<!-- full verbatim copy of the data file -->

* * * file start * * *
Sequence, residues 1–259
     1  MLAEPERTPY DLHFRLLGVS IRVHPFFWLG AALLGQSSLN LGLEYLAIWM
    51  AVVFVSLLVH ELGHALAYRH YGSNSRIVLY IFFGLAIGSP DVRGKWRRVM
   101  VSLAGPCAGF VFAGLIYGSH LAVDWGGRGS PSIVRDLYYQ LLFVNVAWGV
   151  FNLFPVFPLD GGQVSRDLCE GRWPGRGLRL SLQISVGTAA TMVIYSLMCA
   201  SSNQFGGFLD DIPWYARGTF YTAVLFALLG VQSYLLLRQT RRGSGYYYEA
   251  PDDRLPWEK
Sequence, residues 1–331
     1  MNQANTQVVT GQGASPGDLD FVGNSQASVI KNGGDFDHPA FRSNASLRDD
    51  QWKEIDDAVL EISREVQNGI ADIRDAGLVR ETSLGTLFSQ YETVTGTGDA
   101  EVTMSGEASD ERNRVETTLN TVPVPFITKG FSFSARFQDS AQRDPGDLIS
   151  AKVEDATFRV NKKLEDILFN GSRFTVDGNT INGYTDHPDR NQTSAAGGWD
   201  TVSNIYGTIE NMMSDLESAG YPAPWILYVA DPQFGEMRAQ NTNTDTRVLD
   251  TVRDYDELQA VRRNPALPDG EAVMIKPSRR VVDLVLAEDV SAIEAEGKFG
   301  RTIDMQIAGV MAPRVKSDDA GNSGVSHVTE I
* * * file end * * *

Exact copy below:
Sequence, residues 1–259
     1  MLAEPERTPY DLHFRLLGVS IRVHPFFWLG AALLGQSSLN LGLEYLAIWM
    51  AVVFVSLLVH ELGHALAYRH YGSNSRIVLY IFFGLAIGSP DVRGKWRRVM
   101  VSLAGPCAGF VFAGLIYGSH LAVDWGGRGS PSIVRDLYYQ LLFVNVAWGV
   151  FNLFPVFPLD GGQVSRDLCE GRWPGRGLRL SLQISVGTAA TMVIYSLMCA
   201  SSNQFGGFLD DIPWYARGTF YTAVLFALLG VQSYLLLRQT RRGSGYYYEA
   251  PDDRLPWEK
Sequence, residues 1–331
     1  MNQANTQVVT GQGASPGDLD FVGNSQASVI KNGGDFDHPA FRSNASLRDD
    51  QWKEIDDAVL EISREVQNGI ADIRDAGLVR ETSLGTLFSQ YETVTGTGDA
   101  EVTMSGEASD ERNRVETTLN TVPVPFITKG FSFSARFQDS AQRDPGDLIS
   151  AKVEDATFRV NKKLEDILFN GSRFTVDGNT INGYTDHPDR NQTSAAGGWD
   201  TVSNIYGTIE NMMSDLESAG YPAPWILYVA DPQFGEMRAQ NTNTDTRVLD
   251  TVRDYDELQA VRRNPALPDG EAVMIKPSRR VVDLVLAEDV SAIEAEGKFG
   301  RTIDMQIAGV MAPRVKSDDA GNSGVSHVTE I